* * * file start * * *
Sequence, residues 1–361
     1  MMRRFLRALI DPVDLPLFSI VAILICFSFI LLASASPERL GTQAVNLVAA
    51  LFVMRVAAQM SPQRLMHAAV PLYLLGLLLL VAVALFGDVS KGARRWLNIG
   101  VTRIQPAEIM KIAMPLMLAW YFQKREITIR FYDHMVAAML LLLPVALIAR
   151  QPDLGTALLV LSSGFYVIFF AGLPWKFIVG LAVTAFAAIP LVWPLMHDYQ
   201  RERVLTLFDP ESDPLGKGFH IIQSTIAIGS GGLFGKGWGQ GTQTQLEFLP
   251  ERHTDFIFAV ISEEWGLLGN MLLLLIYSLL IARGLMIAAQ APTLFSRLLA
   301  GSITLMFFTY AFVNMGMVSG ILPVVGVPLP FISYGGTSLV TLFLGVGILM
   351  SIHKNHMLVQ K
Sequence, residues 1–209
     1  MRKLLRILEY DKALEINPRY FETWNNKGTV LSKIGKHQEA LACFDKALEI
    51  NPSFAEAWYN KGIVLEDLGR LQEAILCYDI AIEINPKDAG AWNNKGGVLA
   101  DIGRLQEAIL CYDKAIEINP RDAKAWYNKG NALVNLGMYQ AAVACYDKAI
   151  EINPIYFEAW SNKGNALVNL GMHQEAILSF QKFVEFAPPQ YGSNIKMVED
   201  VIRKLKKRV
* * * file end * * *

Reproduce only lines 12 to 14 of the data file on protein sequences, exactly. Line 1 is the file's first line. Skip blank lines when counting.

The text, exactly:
    51  NPSFAEAWYN KGIVLEDLGR LQEAILCYDI AIEINPKDAG AWNNKGGVLA
   101  DIGRLQEAIL CYDKAIEINP RDAKAWYNKG NALVNLGMYQ AAVACYDKAI
   151  EINPIYFEAW SNKGNALVNL GMHQEAILSF QKFVEFAPPQ YGSNIKMVED